Schizophrenia: Problems of Heterogeneity
in Clinical Genetics ed. A. Sorsby, pp. 345‑49 (London: Butterworth, 1953). Reprinted in Man, Mind, Heredity, cit. (with added title)
Since Rüdin (1916) first showed that among the sibs of schizophrenics there was an excess of schizophrenic illness, the question of the mode of inheritance has been debated with a vigour and enthusiasm unmatched elsewhere in psychiatric genetics. Weinberg, the statistician who handled Rildin's data, proposed a complex theory involving more than one gene. A later expert, Luxenburger (1928, 1930, 1935b), who carried out the first systematic twin survey in psychiatry, on schizophrenic propositi, was inclined to support a hypothesis attributing the disorder to a recessive autosomal gene. Lenz (1937), whose interests embraced the whole range of human genetics, supported the notion of dominance. The latest in the field to take a definite standpoint is Kallmann (1938, 1946), and he bases his opinion on the widest experience of actual investigation. He is strongly in favour of the hypothesis of recessivity.
KALLMANN'S DATA FOR MONOFACTORIAL RECESSIVE INHERITANCE
Kallmann's contributions of a major kind are twofold. He made a very extensive family survey (1938) covering the sibs, half‑sibs, children and grandchildren of 1,087 schizophrenic propositi, the study differing in a significant particular from similar studies which had been made before. In earlier studies of the children of schizophrenics, families were almost automatically taken in which there were known to be one or more children. This involved a degree of biased selection of the parents, parents being automatically overrepresented whose illness came on late or was so mild that reproduction could still occur after the illness had begun. Kailmann started from a hospital population, without selection, and without knowledge whether there were children or not. His material contained a fairer selection of the graver forms of psychosis than had been obtained before. His second major contribution has been the collection and examination of a very large series of twins from the New York State mental hospitals. This series includes 953 schizophrenic propositi, as well as much smaller numbers of manic‑depressive, involutional, and senile psychoses. A detailed statistical study of the first 794 schizophrenic pairs appeared in 1946, when 2,741 sibs as well as parents, consorts, and other relatives had been investigated. The material was gathered by a systematic attempt to discover all the twins in a total mental hospital population of some 85,000 persons. From these studies the following percentage figures relating to the incidence of schizophrenia among various classes of relatives are of interest: (1) unrelated: general population, 0.85; stepsibs, 1.8; husbands and wives, 2.1; (2) relatives: first cousins, 2.6; nephews and nieces, 3.9; grandchildren, 4.3; half‑sibs, 7.0‑7.6; parents, 9.2‑10.3; full sibs, 11.5‑14.3; dizygotic co‑twins, 12.5; children, 16.4; children of two schizophrenic parents, 68.1; same‑sexed dizygotic twins, 17.6; monozygotic twins who have been separated for five years or more, 77.6; monozygotic twins who have not been so separated, 91.5. The increasing likelihood of schizophrenia with increasing nearness of blood relationship to a schizophrenic is very striking.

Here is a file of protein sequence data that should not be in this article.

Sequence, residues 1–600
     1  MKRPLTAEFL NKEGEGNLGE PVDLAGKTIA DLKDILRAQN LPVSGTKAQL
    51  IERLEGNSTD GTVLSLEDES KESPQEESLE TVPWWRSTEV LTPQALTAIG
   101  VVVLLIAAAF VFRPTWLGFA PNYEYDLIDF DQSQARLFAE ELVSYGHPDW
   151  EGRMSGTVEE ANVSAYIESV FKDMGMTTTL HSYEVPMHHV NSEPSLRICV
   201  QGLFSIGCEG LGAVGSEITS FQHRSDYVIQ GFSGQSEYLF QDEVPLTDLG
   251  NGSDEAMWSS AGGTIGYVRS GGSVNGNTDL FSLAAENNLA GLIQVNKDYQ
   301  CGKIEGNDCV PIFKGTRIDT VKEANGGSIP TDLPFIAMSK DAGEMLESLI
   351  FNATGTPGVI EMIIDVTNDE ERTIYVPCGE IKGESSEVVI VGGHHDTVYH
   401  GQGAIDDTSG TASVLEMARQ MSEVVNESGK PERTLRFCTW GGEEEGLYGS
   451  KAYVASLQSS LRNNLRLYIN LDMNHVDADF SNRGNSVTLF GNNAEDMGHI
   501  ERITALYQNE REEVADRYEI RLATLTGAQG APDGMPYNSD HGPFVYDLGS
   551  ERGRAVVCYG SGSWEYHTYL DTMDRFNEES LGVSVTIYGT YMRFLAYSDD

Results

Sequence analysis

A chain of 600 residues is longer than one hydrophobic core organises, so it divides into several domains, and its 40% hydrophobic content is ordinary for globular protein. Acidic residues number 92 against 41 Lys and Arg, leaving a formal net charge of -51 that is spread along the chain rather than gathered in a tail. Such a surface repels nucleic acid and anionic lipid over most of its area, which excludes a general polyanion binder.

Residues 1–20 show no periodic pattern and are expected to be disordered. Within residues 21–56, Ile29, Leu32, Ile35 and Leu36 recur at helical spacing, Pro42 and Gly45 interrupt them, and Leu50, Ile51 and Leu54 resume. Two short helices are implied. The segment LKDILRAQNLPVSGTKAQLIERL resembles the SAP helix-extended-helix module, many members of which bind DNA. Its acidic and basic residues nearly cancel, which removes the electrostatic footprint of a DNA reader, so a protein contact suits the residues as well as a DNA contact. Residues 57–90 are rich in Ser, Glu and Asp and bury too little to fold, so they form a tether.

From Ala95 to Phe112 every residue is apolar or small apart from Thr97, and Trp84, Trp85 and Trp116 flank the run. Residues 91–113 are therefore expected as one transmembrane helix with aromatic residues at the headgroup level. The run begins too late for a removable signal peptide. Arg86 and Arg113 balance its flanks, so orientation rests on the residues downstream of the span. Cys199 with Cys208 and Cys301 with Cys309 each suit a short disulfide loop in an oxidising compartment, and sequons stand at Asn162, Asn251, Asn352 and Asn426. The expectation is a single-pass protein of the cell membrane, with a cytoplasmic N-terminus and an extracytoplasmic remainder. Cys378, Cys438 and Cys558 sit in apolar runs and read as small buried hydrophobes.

Kallmann considers that his findings and the findings that have been made by others support the hypothesis of single‑factor inheritance of a recessive type, but with a lower than 100 per cent rate of manifestation, that is, some homozygotes never develop schizophrenia but will nearly always be schizoid personalities. Manifestation in the heterozygotic state is not entirely suppressed, but may also be shown in some schizoid traits of personality. Nonspecific genetical factors are postulated to account for variation in the clinical form of the disease and its degree of malignancy. Kailmann and his co‑workers have found that a robust bodily physique tends to mitigate the severity of the disease, or to protect against it, while loss of weight and an asthenic physique have the opposite tendency.
The hypothesis of recessivity has been criticized by Koller (1939), and his argument is an important one. Although in the detail in which he presented it, it is complex, it can be quite simply presented. If the schizophrenic is homozygous for gene s, he will only produce schizophrenic children by mating with a heterozygote, or with another individual homozygous like himself. Schizophrenics compose approximately 1 per cent of the population, so that the frequency of s in the population is approximately 0.1, and the frequency of heterozygotes approximately 0.18, if one assumes that mating is at random. The frequency of persons homozygotic for s among the children of schizophrenics should be, accordingly, and again assuming random mating, 0.5 X 0.18 + 0.01 = 0.10. The frequency of homozygotes among the sibs of schizophrenics, which is not affected to the same degree by the gene frequency, may be taken as 0.25. If s is recessive the frequency of homozygosity for s, and therefore the frequency of schizophrenia, should be higher among the sibs of schizophrenics than among their children. Assortative mating would only equalize the two frequencies, or lead one to expect a higher frequency of schizophrenia in the children than in the sibs, if it was of a very extreme degree, if in fact a very large proportion of schizophrenics married others also homozygotic for s. Several studies of the consorts of schizophrenics and their families have been published and it is clear that in them the incidence of schizophrenia is only very slightly greater than in the general population. The incidence of schizophrenia in the consorts themselves has, for instance, been found to be 2 per cent. Assortative mating therefore can be neglected for this purpose.
The actual observations, however, do not fit these expectations. The incidence of schizophrenia has been found by Kalimann to be higher in the children than in the sibs. This is therefore a strong indication of dominance. On the dominance hypothesis one would of course expect an equal incidence in children and sibs, but a difference of the extent which actually exists would not be a serious objection to the theory as it may result from a sampling error or be explicable in other ways.